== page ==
Thesis Title

A Statistical Analysis of the Impact of Cable Television on the Use of Competing Media

Date of Graduation

Spring 1981


Master of Arts in Communication



Committee Chair

Richard Stovall


Cable television has become one of the fastest growing and most successful forms of mass information dissemination in recent years. Despite widespread acceptance of cable, little research has been conducted to date regarding the competitive effects of cable upon other media forms. Hence, the purpose of this study was to scientifically assess the impact of cable television subscription on the use of competing media. A forty-six item questionnaire was assembled and administered to 182 cable subscribers in the Springfield, Missouri cable system. The research findings demonstrate, in general, that services available on current cable systems receive frequent use and exhibit strong influences on the use of competing media. More specific statistical analyses revealed that pay movie channels directly compete with local television viewing and movie theater attendance, that import channels compete with newspaper reading, and that automated information channels compete with all forms of alternate media examined. This study implies that cable television does, indeed, directly compete with other media forms within the community.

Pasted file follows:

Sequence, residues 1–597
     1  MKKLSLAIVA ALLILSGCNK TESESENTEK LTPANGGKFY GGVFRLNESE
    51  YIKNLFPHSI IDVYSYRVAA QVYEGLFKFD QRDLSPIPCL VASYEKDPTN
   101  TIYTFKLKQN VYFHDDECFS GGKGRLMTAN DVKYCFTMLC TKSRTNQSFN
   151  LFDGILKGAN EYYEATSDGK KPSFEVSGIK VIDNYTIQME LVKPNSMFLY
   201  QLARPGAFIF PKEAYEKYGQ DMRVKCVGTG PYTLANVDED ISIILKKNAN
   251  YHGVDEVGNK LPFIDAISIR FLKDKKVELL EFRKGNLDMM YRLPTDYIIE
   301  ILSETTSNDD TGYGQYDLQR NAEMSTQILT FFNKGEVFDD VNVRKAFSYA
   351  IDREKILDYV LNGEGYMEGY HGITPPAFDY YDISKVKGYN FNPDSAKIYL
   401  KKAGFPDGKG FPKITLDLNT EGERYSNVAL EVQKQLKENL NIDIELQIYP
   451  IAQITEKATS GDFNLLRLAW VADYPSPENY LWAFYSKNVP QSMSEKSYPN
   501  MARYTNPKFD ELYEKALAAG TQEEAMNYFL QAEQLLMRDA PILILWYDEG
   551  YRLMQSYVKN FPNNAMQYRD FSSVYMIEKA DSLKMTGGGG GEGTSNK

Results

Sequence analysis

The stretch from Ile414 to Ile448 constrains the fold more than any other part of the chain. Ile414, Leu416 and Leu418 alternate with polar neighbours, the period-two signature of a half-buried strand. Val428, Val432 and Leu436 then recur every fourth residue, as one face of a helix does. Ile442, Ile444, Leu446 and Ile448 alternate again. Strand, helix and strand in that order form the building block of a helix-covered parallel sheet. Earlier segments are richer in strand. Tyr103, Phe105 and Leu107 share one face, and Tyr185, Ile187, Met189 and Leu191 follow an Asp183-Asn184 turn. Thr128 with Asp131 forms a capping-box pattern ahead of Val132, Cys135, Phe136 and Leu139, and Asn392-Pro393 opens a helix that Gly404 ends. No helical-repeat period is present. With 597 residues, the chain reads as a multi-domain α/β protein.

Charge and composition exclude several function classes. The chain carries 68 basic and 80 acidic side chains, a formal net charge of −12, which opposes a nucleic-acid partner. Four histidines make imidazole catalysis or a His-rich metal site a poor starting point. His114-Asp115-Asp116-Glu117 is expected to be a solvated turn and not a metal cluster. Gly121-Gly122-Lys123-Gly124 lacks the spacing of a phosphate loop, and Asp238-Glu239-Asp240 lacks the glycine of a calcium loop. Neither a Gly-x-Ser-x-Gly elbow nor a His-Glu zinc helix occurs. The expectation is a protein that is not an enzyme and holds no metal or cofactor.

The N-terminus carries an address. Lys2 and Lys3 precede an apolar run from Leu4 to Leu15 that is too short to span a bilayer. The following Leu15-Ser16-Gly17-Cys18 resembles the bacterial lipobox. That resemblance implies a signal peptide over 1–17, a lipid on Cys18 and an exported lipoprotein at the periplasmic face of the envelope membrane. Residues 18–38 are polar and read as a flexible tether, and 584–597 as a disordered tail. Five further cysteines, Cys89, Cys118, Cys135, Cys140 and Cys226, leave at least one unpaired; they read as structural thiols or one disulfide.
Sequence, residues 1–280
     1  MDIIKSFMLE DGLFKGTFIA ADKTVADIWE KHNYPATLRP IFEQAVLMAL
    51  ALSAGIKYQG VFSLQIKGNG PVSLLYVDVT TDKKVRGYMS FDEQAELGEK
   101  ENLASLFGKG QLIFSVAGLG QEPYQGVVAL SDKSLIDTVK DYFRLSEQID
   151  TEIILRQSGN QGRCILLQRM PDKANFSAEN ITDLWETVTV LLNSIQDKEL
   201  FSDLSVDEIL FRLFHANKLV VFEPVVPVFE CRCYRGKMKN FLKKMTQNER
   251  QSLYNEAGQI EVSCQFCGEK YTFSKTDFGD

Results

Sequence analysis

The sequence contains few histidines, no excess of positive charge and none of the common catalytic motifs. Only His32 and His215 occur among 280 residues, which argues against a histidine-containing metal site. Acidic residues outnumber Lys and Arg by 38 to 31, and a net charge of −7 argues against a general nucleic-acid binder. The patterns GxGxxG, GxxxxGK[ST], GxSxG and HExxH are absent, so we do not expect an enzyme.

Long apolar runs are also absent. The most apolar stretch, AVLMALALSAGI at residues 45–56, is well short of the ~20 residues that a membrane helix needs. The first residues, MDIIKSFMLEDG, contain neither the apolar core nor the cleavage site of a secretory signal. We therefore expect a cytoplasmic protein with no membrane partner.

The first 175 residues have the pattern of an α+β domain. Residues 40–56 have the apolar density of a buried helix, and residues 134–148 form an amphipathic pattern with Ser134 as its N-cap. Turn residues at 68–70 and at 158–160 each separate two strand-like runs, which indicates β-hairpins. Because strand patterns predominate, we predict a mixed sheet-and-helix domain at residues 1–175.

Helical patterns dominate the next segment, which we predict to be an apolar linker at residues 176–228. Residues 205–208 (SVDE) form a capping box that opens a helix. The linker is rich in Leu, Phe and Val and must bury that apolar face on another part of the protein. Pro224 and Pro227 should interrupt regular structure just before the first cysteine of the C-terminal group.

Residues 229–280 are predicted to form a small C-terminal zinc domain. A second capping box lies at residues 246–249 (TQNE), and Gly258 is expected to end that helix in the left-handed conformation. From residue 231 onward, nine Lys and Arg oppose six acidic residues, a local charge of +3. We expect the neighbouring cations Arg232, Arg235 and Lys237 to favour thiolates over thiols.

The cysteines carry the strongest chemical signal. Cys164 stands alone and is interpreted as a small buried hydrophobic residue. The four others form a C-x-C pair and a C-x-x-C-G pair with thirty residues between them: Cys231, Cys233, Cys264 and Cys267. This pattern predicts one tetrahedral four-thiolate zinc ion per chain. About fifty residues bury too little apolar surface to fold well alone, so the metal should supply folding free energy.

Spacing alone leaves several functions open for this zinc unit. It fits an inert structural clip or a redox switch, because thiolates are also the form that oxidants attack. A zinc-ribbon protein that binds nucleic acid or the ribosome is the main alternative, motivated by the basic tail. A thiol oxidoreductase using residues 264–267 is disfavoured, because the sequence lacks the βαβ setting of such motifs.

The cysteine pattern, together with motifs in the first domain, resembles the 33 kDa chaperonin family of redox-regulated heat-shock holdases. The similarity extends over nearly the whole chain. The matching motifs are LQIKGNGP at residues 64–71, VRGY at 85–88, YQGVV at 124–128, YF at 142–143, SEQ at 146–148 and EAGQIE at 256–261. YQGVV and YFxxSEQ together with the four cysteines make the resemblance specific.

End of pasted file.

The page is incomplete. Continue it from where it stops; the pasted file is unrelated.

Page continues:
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© Paul Muir Gaither